The scene outside Washington area malls and shopping centers largely confirmed retailers’ predictions that consumers were willing to give up a family dinner — or at least dessert — for a deep discount.

This year, stores have boldly invited themselves into the dinner hour — 8 p.m. — mingling some of the oldest of American rituals: giving thanks, eating turkey and hunting bargains.

Tweet us the best deals you scored this holiday season using the hashtag #mybestdeal. If you use Instagram, tag your photos with #mybestdeal.

Follow the morning rush with tweets from Post reporters and you:

Last update: 12:38 p.m. This blog is now closed.

Hayley Tsukayama: Best Cyber Monday deals

Cyber Monday is almost as big a deal as Black Friday, particularly as gadgets and games continue to top holiday wish lists around the world.

Many stores have yet to reveal the full extent of their Cyber Monday plans, but some retailers have offered early details about their plans. Read them here.


 Small Business Saturday is the new black (Friday)

Skip the crowds on Black Friday and hit the locally-owned shops tomorrow — including Politics & Prose — during Small Business Saturday. (Melina Mara/The Washington Post)

Black Friday has apparently grown impatient. Now it’s more like Black Thursday Afternoon, a shopping event that threatens to eclipse Thanksgiving dinner, as would-be pie-eaters save a few hundred calories and a few hundred dollars on a 72-inch flat-screen television.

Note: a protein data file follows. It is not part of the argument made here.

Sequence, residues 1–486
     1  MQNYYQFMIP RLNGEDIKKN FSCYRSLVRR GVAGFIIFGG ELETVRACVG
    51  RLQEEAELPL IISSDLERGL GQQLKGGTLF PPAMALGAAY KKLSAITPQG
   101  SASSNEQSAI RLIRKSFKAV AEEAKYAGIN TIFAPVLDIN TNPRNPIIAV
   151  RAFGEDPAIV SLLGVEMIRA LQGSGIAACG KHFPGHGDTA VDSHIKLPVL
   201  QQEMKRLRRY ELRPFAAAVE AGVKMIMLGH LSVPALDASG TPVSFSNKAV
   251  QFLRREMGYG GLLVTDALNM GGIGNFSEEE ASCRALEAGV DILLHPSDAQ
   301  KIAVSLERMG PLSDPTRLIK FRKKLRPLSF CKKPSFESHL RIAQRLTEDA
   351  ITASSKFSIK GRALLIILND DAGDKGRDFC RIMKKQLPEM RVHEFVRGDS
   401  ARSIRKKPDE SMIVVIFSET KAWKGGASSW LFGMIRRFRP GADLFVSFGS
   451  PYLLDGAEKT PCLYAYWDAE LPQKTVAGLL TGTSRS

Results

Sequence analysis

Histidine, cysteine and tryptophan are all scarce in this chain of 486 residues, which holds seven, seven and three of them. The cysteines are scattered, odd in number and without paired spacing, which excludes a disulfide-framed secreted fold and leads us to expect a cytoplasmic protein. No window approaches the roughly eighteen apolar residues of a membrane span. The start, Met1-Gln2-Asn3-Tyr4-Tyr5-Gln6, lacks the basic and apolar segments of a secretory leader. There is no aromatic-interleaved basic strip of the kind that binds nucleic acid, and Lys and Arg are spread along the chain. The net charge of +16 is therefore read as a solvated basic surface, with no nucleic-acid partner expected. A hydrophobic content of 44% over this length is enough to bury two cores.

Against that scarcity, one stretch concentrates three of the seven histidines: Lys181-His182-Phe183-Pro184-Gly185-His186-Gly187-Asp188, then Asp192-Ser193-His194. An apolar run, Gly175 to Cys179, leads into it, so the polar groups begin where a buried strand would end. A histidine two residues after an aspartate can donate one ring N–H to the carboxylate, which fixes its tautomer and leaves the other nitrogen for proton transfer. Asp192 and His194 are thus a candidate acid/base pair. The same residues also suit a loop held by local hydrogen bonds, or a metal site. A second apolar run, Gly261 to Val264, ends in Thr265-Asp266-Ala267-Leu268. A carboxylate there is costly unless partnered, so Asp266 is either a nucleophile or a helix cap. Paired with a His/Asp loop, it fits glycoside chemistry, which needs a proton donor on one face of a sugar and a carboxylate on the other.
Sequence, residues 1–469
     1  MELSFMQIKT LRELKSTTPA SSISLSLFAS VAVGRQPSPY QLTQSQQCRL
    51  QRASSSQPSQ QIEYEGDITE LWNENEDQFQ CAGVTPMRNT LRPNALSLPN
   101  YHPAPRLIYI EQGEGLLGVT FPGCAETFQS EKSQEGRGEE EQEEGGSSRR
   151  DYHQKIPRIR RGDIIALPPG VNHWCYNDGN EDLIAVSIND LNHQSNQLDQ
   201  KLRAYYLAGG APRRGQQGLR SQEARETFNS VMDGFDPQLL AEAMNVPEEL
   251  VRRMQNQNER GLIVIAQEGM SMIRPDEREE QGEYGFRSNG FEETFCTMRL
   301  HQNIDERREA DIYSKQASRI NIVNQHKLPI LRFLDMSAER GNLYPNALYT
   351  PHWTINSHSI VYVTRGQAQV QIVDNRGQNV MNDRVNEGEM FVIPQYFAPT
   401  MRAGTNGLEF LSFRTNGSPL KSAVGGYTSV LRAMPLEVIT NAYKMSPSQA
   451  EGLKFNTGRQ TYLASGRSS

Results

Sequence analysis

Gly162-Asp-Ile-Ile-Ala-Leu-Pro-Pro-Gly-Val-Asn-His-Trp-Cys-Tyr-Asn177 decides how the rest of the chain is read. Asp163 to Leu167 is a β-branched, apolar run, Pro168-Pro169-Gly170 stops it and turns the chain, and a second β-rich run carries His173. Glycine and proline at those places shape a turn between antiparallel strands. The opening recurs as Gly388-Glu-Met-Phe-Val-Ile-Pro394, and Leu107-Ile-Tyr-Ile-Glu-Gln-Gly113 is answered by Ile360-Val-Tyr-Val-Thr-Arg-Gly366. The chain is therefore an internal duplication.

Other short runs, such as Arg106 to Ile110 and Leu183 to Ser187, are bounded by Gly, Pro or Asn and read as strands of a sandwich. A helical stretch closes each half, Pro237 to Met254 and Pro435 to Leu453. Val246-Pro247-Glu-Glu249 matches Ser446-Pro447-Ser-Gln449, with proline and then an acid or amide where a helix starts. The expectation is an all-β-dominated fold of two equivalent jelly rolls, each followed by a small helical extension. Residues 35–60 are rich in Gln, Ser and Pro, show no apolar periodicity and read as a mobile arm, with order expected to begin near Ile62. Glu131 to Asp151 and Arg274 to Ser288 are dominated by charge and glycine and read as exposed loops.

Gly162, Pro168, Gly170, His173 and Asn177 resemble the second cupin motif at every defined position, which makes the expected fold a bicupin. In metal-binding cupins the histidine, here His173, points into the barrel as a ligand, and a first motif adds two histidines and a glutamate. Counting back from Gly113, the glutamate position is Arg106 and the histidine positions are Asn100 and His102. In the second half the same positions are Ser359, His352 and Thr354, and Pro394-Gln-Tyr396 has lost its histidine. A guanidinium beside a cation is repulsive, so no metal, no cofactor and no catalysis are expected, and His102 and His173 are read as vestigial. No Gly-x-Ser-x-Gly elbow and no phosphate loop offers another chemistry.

If this all seems a bit ludicrous — forgoing pie!? — then maybe Small Business Saturday is more your speed. Rather than braving the big box store crowds today, wait until tomorrow and shop locally.

The benefits of an earlier start time

When the doors opened at the Target in Columbia Heights Thursday night, the entry process was problem-free.

About 30 minutes before opening, Target employees walked the line handing out tickets for those interested in buying a television. The tickets guaranteed a television, which company officials said helped to avoid a frenzy when the doors opened.

The escalators leading up to the store were also turned off, and security officials only let 25 shoppers through the doors at a time.

“The way we do this is a very orderly system,” said David Stein, director of building operations for DC USA. “We don’t allow the pushing when the doors open and by turning off the escalators, there is an orderly flow.”

Vera Young, 50, said she was able to buy a portable DVD player, Wii games, electronic cars and a Wheel of Fortune game in less than 30 minutes.

“I got everything on my list,” Young said as she walked out of the store. “It was very organized this year. All I had to do is sit and the associates brought everything out to you, so I’m in and out, and that is wonderful.”

 — Tim Craig (@timcraigpost)

#mybestdeal a $39 blu-ray player!! @washingtonpost #BlackFriday #9shopping  

 — jennyfromthebak, Instagram user

jennyfromthebak via Instagram

Teen robbed of purchases outside Arundel Mills Mall

A 14-year-old boy who had just left a store at the Arundel Mills Mall early Friday was punched and robbed of his purchases, according to Anne Arundel County police.

The teen was attacked a little more than two hours after the shopping center in Hanover, off the Baltimore-Washington Parkway, opened at midnight to promote Christmas sales on what has become one of the busiest holiday shopping days.